How Much Should Workers Know?

A Department of Labor proposal to educate employees on their rights could open up companies' classification decisions to scrutiny by workers and the courts.

Companies may have to reveal more about their decisions regarding why some workers are given more rights than others under a proposal the Department of Labor is considering.

The proposed regulation is just one of many circulating in Washington that aim to get a handle on how companies classify their workers and whether they are wrongly excluding some employees from benefits they should be receiving. Experts say it would prompt companies to reexamine their policies, conduct self-audits, and provide additional analysis and documentation on how they categorize individual workers for tax and human-resources purposes.

Labor’s proposal has not yet been revealed, but it will likely require companies to record their analysis for exempting employees from the Fair Labor Standards Act (FLSA) and share that data with those workers. Currently, this sharing of information is not a common practice at companies, according to labor-law attorneys who represent employers.

“To force employers to provide information to employees as to why they were classified exempt or nonexempt could be administratively very difficult,” says Betsy Johnson of law firm EpsteinBeckerGreen. “It could also have an impact on morale and productivity.”

Johnson predicts companies will push back on the potential regulation. In the meantime, as the DoL prepares its proposal for a public-comment period in August, companies could request a meeting with the Office of Management and Budget to voice their concerns.

The move is part of the DoL’s overall effort to better educate workers of their rights under existing laws. In the little information it has provided so far on the potential new rule (through an update of its 2010 agenda), the department says it intends to expand companies’ current recordkeeping requirements “to foster more openness and transparency in demonstrating employers’ compliance with applicable requirements to workers.” Labor deputy secretary Seth Harris predicts that if the proposed regulation is passed as is, the agency will be making a “sizable number of enforcement” actions for violations of minimum-wage and overtime rules.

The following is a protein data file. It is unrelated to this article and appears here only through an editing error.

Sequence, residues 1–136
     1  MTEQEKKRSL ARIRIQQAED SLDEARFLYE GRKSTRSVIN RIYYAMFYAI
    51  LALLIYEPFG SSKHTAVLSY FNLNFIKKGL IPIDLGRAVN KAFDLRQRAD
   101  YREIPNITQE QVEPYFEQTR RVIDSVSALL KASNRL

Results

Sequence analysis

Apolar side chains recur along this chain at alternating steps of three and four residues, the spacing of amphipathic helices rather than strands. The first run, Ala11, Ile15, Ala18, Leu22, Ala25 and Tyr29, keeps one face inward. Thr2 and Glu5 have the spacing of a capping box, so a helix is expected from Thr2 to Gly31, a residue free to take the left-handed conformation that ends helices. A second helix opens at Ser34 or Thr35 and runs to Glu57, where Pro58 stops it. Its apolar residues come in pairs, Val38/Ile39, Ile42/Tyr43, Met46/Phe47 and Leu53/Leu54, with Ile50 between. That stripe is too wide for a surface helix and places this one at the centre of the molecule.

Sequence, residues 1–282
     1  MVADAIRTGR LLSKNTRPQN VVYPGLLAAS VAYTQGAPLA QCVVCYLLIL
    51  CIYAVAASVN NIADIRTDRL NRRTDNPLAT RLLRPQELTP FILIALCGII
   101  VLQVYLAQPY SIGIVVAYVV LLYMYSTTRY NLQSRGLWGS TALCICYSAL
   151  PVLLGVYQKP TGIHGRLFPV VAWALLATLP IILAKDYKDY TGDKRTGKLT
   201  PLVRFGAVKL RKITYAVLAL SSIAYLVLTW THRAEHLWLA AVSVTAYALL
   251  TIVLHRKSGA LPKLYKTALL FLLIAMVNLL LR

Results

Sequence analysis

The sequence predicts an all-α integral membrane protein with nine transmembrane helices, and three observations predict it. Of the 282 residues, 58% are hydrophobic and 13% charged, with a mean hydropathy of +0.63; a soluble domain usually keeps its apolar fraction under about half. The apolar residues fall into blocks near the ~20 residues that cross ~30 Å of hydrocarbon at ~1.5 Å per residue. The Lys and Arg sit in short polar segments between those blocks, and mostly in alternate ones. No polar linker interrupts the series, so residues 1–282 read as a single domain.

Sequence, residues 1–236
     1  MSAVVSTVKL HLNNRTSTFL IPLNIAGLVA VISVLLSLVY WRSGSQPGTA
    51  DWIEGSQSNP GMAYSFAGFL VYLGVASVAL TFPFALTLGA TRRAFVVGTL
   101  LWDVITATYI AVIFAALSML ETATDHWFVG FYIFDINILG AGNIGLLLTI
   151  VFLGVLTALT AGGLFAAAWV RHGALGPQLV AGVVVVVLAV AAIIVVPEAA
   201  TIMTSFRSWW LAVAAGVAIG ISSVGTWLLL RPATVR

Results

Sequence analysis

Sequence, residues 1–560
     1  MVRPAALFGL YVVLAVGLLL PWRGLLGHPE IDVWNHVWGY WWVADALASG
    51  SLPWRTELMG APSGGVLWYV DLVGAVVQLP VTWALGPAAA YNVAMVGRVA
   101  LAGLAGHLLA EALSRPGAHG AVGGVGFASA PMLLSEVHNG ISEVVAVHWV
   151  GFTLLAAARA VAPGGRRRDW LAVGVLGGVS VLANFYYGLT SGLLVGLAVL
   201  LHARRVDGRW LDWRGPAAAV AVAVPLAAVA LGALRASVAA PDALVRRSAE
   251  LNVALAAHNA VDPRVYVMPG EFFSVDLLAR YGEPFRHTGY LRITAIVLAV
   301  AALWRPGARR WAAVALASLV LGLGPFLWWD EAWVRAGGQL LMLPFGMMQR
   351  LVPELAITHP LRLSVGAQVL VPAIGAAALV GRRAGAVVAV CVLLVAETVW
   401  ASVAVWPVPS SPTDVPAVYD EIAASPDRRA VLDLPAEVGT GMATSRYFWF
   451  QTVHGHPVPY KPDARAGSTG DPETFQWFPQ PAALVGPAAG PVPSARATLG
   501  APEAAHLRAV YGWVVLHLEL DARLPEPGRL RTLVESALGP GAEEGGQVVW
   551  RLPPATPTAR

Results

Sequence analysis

Defense attorneys further predict that, at least in the short term, such regulations could raise companies’ litigation risk by leading to an increase in complaints from employees who believe they have not received their due rights, such as overtime pay. (Workers deemed exempt from the FLSA, including executives and most salaried employees, are not given extra pay for working more than 40 hours per week.)

“If employers have to provide analysis of the classification of an employee, that would waive attorney-client privilege, and they’ll be giving out internal company documents that could later be used against them,” says Howard Radzely, a partner at Morgan, Lewis & Bockius LLP and a former deputy secretary of the DoL. Companies tend to analyze employees’ status through internal or outside counsel, he notes.

For the most part, an employee’s FLSA status is fairly obvious. But sometimes it becomes a gray area when, for instance, an hourly worker’s job evolves over time without prompting a company to reconsider whether his or her status should change. Midlevel roles typically raise more classification questions than executive and rank-and-file positions do, say experts.

In addition, companies have to deal with varying state regulations, which can also confuse matters as to whether a worker should be deemed a full-time employee or an independent contractor. In fact, employees doing similar work at different locations for the same company could differ in their classification status — a factor that could complicate employee relations if the DoL regulation passes. As it is, employees tend to know their own status but are not aware of where their colleagues stand.

How companies will react to the DoL’s proposal when the details are revealed remains to be seen. Some may view the change as just a minor new blip. “Most employers have a culture of compliance,” notes Amy Moor Gaylord, a partner at Franczek Radelet. “They don’t want to open themselves up to liability simply to avoid paying overtime.”

She advises employers to look at how they label workers on an individual basis to make sure they are in compliance: “You can’t just look at a job description; you have to examine what every person does.”

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